It has been often said by lawyers practicing in that court that he was more greatly to be feared, if he was against their client, than the logic and eloquence of the most astute practitioner in the circuit.
This good old man – simple and home-spun in his ways – was a power in the region about him. If he drove to the county town, or to a railway station, a crowd would gather round his buggy before he could get out, and two or three would begin unhitching his horse.
He asked no money for his preaching, but he always had plenty – the product of a well-tilled farm; and no widow, or other deserving poor person in the neighborhood, went unprovided for if he knew of their want. It is said that he studiously avoided giving publicity to his charities, and that the beneficiaries were often ignorant as to the identity of their benefactor.
The fame of this man went beyond the limits of his neighborhood and county. Wherever those of his faith and order assembled in Wiregrass Georgia or Florida he was known, and his name was reverently mentioned. If he was present he was a leader; if absent, his absence was felt.
Such a man was Elder Ansel Parrish, the old Primitive Baptist preacher of Berrien County, as seen by one who was neither his partisan nor his parishioner.
When news of his fatal illness spread over the country hundreds of his devoted friends and followers journeyed to the bedside of the dying preacher to get a last look into the depths of those great grey eyes before the light went out and the old-time fire burnt down in their sockets. And when they laid his body away in the old family burying ground, a great concourse of people gathered to mingle their tears with the sod in the new made mound.

A week later, The Valdosta Times followed up with a tribute to Elder Parrish.

The Valdosta Times
Saturday, January 31, 1891

 Ansel Parrish

        A Brief Biographical Sketch Of One Who Will Be Missed. “Oh for the touch of a vanished hand, and the sound of a voice that is still.” Elder Ansel Parrish was born in Bulloch County, Ga., July 7th, 1824, and died at his home seven miles southwest of Nashville in Berrien County January 16th, 1891.
Elder Ansel was the fourth son of Henry and Nancy Parrish, who moved from Bulloch to Lowndes, now Berrien County, in 1825, and the future preacher learned to take his first toddling steps at a camp fire on the road while his parents were moving here.
He grew up with the meager opportunities common to our country and his literary attainments were therefore meager. Of a calm temper he was early separated from the wild life of the country and joined the Primitive Baptist Church in 1843, being in his nineteenth year, and was ordained an Elder March 18th, 1854. He was married to Miss Mollsey Knight, whose father was William Knight  [William Cone Knight] and her mother a daughter of Jesse Carter, thus uniting the two largest family connections in Lowndes County. To write of him as a neighbor and friend, a husband and father would be out of place here. Those who knew him best loved him most.
It is as a minister of the Gospel of Jesus I would fain write most, and then, he was so widely known that the task will alas fall short of his merit. The writer heard him preach first and most frequently at Salem (Adel) Church of which he was one of the Pastors for a long number of years, assisted by his uncle, brother and co-worker the late lamented Elder Ezekiel J. Williams. As a preacher he was earnest in the faith as he interpreted the word of God, yet not harsh, ever bearing in mind the faith of others. He devoted his early and mature manhood to his Master’s service and when the infirmities of age began to creep on him he seemed to not regard them as an excuse to satisfy self ease, but labored on, and when he could not stand in the sacred desk to deliver his message he preached seated. For all this work and work in physical pain, he never, to my knowledge, asked a dollar as a reward.
A good substantial farmer, he was not only self sustaining but ever ready to open his hand to the needy when his already open heart heard the cry of distress. Seventeen children, 14 of whom are living, 7 sons and 7 daughters were born to him. He leaves 80 living grandchildren, and 24 dead, preceded him of his 8 brothers and 2 sisters, only the venerable Josiah Parrish of Ava, and Absalom of Arkansas survive him.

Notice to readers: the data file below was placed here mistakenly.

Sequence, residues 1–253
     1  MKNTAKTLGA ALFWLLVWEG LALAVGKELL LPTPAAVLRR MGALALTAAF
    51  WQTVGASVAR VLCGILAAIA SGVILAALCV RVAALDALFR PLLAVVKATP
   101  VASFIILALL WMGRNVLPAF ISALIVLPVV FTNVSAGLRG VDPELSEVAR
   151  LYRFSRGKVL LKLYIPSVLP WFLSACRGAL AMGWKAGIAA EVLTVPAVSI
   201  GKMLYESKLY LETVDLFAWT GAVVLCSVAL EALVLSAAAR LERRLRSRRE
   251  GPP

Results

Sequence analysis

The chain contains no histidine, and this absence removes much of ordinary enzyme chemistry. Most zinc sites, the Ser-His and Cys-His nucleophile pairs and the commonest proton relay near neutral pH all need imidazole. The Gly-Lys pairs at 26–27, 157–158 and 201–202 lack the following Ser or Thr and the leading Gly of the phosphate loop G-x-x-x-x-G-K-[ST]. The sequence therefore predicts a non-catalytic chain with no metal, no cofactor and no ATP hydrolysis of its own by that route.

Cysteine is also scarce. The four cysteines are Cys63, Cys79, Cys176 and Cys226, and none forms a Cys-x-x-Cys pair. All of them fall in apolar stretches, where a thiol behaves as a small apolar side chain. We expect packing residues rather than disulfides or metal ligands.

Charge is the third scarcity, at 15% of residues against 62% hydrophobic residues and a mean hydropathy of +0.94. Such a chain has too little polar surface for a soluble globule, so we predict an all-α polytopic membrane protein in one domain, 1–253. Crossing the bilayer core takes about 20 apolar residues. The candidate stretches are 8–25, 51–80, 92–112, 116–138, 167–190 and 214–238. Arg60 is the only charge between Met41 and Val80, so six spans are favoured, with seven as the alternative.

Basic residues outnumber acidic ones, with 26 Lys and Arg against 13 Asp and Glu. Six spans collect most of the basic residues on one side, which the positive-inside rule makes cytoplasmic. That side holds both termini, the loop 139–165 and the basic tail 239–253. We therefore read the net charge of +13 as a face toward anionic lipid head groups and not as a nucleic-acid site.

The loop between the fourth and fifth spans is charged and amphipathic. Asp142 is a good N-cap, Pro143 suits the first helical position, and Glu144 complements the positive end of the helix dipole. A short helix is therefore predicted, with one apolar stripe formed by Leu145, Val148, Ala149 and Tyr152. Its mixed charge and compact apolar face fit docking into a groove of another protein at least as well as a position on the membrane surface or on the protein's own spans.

Elder Parrish was at the time of his death Pastor of the following Churches:  Pleasant and Cat Creek, literally falling in the line of duty. May his fidelity to his Master’s cause be taken as an example by those whom he has so long and faithfully warned. In him his family has lost all that goes to make a husband and father, and his Church its wisest counselor.

The archives of the US GenWeb project provide the following biography:

Biography of Elder Ansel Parrish

Elder ANSEL PARRISH was one of the ablest and best known Primitive Baptist mininsters in his day for over 35 years prior to his death. He was considered a great power in the church as well as out of the church. He was born in Bullock County, July 7, 1824, a son of Henry and Nancy Parrish.
        He was married Dec. 15, 1842, in Lowndes (now Berrien) County, to Molcy Knight, born Nov. 7, 1826, daughter of William Cone Knight. 
        Elder Parrish was first converted and united with Pleasant Church in Lowndes County, Aug. 19, 1843, and was baptized. Mrs. Parrish followed him into the church and was baptized November, 1847. He was ordained a deacon in his church, Feb. 2, 1848, and served in this office until he was licensed to preach, Jan. 17, 1852. Two years later, March 19, 1854, he was ordained to the full Gospel Ministry by a presbytery composed of Elders Wm. A. Knight, J. B. Smith and J.E.W. Smith. From then until his death, Jan. 16, 1891, his was a very busy and fruitful ministry among the Primitive Baptist Churches in Berrien and adjoining counties. His first cousin, Elder E. J. Williams, was Pastor of Pleasant Church when he (Elder Parrish) was ordained and continued as such until 1881 when he declined re-election; thereupon Elder Parrish was called. He continued as Pastor of his home church until his death. At the time (1881), he was already serving Cat Creek Church in Lowndes County, and in April, 1881, he was called as Pastor by Friendship Church near Hahira, also Salem Church in Adel. These four Churches he continued to serve as pastor until his death 13 years later. He also served as Moderator of the Union Association several years. Elder Parrish owned a large tract of land in Berrien County and gave each of his sons a farm when they married. Mrs. Parrish died June 25, 1897. She and her husband were buried in the Lois Cemetery near Pleasant Church.

 

Grave of Ansel Parrish (1824 - 1891), Pleasant Cemetery, Berrien County, GA. Image source: FindAGrave.com

Grave of Ansel Parrish (1824 – 1891), Pleasant Cemetery, Berrien County, GA. Image source: FindAGrave.com

Children of Molcy Knight and Ansel Parrish

  1. Rachel E Parrish 1844 –
  2. Elizabeth L Parrish 1845 – 1928, married Marion Register
  3. James W Parrish 1847 – 1916
  4. Nancy E Parrish 1848 – 1924
  5. Mary Eleanor Parrish 1849 – 1909, married John Lee
  6. Henry William Parrish 1851 – 1928
  7. John A Parrish 1853 – 1914
  8. Sarah Laura Parrish 1854 – 1933, married William M. Register
  9. Ezekiel Crofford Parrish 1856 – 1924
  10. Martha M.  “Mattie”  Parrish 1860 – 1942, married Aaron A. Knight
  11. Josiah Allen Jones Parrish 1861 – 1929
  12. Jesse A Parrish 1864 – 1938
  13. Amanda Celestia Parrish 1866 – 1900
  14. Naomi Parrish 1867 – 1886
  15. Moorna Parrish 1868 –
  16. Child Parrish 1869 –
  17. Alderman B Parrish 1871 – 1932